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Features

  • If you have ever wondered what really goes on during a dance class or, for that matter, a performance rehearsal, you will soon have an opportunity to satisfy your curiosity. At 5 p.m. Thursday, Dance Arts Los Alamos will host an open rehearsal for its upcoming production of “The Nutcracker.” The rehearsal will be held at the dance studio in the downstairs parish hall of Trinity on the Hill Episcopal Church and the public is invited to attend.

  • Doris Jackson, artist gallery manager at the Art Center at Fuller Lodge, had her eye on a particular pedestal for years. John Werenko, executive director of the Art Center, joked she could have it when she decided to end her employment. On Wednesday she got her  pedestal.

    A recognition party was held Wednesday afternoon at Fuller Lodge to say farewell to Jackson who is leaving her work at the Art Center.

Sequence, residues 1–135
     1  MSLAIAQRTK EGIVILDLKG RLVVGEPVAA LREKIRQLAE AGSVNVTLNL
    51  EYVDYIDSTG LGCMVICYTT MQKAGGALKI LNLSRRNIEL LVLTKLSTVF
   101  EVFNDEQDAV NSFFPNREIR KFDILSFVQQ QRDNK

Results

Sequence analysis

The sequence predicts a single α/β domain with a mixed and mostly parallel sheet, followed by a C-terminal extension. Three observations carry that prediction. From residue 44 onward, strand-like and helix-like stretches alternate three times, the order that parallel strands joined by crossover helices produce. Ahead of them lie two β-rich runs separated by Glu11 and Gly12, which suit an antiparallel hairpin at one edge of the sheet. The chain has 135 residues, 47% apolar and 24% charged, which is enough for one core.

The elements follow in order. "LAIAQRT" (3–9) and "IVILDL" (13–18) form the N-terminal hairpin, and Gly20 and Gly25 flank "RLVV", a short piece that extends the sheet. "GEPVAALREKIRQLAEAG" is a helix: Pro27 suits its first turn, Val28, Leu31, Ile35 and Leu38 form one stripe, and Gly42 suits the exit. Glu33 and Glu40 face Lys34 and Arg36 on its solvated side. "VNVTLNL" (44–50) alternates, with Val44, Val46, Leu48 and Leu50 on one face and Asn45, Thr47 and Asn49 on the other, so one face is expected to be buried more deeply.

Jackson started as the artist gallery manager at the Art Center in 2001 but her work with the organization extended well before that.

  • A kaleidoscope of art mediums will be spread throughout the Mesa Public Library’s gallery starting Tuesday.

    The exhibit titled, “All Mixed Up,” will showcase photography, quilting, sculpture and watercolors. The artists behind this artwork are Darlene Bawden, Arleeta Bawden, Cyndy Carter and Garth Tietjen.

    Tietjen said having a range of media should enhance the show.